Monthly Money Check: Penny Had Her Lowest Monthly Spending Of The Year! — July 2017

Dear Rich,

Hey, guess what? I wasn’t even thinking about it, but when I totaled up my numbers for this month, I FINALLY made it under the $2,000 bar that I had set (kind of lukewarmly) set for ourselves. I guess that’s what happens when no major expenses come up. It won’t be that way for long though… big school bills coming up next month.

Before I get into all that, let’s talk about where the rest of our money is at. The last time I explored this was in April. In April, our student loans were at $147,037. We haven’t been able to put any extra money toward this since our tax refund, so it hasn’t moved much. It is now at $145,421, because we do pay a little bit more than the interest rate acquires every month in our automatic withdrawals.

Related: Penny’s 13 Year Plan to Repay $173,000 in Student Loans

One thing we are going to start doing, in response to advice from a reader, is instead of taking $1,000 out one time a month, we are going to have $500 withdrawn two times a month. This will help save since the interest is compounded daily on student loans. (My husband just has to make a phone call, which I keep reminding him to do…)

We have also built up more equity in our house since April. Back then, it was valued at $214,000. Now, it is valued at $229,460. (I come up with this figure by taking an average of the Zillow estimated value, $252,421, and the property tax estimated value, $206,500.) So, take that amount and subtract the amount we owe on the house ($88,670), and it looks like $140,790 is the current equity we have in the house.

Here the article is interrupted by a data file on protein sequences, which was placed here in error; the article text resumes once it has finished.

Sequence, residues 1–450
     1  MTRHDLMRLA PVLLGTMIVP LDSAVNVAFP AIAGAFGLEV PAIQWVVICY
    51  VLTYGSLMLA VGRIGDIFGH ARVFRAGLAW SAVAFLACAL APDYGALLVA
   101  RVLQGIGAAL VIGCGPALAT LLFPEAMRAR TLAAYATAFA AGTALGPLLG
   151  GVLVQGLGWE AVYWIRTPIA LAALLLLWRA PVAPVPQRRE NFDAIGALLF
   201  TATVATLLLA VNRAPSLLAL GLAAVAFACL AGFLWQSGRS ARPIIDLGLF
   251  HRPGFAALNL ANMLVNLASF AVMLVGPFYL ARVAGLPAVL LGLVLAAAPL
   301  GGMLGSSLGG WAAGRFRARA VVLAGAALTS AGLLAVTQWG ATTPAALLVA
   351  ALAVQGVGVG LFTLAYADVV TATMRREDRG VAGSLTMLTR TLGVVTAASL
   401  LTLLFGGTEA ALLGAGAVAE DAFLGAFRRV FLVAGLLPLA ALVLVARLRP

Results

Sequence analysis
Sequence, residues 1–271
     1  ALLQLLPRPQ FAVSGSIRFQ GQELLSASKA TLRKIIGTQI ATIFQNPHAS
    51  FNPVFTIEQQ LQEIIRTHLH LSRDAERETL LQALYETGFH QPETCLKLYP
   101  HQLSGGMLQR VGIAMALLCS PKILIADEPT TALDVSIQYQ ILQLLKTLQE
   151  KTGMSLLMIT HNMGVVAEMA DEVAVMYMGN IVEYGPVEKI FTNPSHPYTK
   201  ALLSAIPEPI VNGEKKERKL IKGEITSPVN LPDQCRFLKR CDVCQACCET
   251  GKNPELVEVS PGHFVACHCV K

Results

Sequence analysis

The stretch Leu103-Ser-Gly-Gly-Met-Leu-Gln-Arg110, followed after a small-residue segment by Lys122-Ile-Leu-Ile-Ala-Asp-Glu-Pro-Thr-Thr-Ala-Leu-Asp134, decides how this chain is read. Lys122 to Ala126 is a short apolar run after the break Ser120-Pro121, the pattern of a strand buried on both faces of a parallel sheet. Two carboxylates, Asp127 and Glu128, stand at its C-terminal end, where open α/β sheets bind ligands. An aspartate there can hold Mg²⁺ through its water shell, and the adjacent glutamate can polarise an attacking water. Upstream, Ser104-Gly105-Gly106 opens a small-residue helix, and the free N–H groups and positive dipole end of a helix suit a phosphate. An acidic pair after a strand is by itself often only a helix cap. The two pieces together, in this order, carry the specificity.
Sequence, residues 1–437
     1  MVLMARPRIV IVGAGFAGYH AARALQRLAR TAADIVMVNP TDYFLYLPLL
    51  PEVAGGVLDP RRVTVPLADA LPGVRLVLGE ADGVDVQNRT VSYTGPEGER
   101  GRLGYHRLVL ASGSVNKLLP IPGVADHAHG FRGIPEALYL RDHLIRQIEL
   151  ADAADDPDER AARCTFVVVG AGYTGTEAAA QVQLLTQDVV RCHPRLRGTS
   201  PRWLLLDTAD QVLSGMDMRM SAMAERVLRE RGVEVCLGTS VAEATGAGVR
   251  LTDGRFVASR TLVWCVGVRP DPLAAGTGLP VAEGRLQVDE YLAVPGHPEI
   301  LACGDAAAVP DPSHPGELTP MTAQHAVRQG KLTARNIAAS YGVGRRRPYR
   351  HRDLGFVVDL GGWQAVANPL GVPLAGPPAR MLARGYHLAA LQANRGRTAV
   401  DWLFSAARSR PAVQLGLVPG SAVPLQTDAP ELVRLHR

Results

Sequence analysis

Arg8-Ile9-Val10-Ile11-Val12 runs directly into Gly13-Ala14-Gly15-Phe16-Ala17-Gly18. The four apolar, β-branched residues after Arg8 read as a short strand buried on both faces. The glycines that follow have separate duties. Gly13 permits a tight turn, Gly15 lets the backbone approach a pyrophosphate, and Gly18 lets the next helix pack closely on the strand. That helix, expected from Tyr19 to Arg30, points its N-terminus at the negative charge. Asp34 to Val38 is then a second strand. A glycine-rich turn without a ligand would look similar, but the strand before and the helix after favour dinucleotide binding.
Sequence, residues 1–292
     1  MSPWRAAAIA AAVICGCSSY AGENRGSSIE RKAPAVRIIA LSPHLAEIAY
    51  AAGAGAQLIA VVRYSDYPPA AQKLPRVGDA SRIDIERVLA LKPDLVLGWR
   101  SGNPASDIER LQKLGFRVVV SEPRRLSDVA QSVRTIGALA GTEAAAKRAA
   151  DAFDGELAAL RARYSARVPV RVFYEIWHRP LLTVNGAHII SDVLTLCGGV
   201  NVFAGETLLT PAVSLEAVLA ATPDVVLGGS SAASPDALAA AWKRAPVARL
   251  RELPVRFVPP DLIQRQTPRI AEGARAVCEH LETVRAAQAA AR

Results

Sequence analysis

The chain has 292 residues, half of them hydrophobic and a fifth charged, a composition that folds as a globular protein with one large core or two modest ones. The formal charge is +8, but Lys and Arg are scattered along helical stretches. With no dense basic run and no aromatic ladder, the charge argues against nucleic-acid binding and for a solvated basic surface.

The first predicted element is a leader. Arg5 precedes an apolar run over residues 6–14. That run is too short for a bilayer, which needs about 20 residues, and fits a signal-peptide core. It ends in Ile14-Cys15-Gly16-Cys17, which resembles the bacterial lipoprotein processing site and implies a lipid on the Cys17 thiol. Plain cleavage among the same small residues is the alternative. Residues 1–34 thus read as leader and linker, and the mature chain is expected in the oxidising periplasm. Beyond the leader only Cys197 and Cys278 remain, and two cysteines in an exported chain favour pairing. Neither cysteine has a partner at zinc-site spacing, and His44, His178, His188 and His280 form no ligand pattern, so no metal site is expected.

Here’s a snapshot of our current net worth:

That’s up $25,318 from our net worth in April, but that’s basically because our home is valued $25,000 more than it was in April. If we took that out of the equation, our net worth would be basically the same.

Now, let’s take a look at our expenses for the month and see how we got under that $2,000 mark (excluding the student loan payment):

Nothing really to report on there. Most were pretty usual expenses. Like I said, it helped that nothing big came up this month.

And, here’s another graph, just for fun, to show all those people who think that we are never going to get off of food support that we have actually been working to increase our income over the years. This graph shows the net income of my husband’s chiropractic business over the past six years:

Click on image to enlarge.

As you can see, there is a steady increase (around $8,000) every year. I think he’s on track to keep up with that increase this year too (maybe).

You must be busy getting ready to move back to the states, so good luck with all that entails. I’m looking forward to hearing all about it.

Later,

Penny

 

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